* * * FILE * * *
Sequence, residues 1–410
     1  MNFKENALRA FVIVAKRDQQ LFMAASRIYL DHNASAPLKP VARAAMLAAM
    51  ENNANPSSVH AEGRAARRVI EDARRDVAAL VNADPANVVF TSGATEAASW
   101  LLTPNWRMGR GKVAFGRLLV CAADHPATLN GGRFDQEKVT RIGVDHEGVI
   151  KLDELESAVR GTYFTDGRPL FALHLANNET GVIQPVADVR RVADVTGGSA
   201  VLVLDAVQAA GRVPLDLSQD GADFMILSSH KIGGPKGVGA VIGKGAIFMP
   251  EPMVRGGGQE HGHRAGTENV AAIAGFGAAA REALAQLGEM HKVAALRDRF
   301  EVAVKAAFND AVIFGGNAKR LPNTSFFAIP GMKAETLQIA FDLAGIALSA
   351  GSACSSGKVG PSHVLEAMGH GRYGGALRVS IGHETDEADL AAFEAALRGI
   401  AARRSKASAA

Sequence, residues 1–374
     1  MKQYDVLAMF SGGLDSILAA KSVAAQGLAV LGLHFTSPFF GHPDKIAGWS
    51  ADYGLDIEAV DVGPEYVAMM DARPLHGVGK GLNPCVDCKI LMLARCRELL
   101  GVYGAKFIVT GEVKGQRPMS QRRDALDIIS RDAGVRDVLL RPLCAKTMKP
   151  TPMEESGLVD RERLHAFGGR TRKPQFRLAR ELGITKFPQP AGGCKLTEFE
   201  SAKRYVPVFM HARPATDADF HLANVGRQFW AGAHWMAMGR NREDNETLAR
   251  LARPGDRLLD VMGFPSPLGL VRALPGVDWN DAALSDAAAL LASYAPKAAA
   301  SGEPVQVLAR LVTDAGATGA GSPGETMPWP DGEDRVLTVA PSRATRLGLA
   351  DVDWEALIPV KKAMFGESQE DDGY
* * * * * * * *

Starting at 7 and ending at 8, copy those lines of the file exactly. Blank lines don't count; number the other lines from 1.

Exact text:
   251  EPMVRGGGQE HGHRAGTENV AAIAGFGAAA REALAQLGEM HKVAALRDRF
   301  EVAVKAAFND AVIFGGNAKR LPNTSFFAIP GMKAETLQIA FDLAGIALSA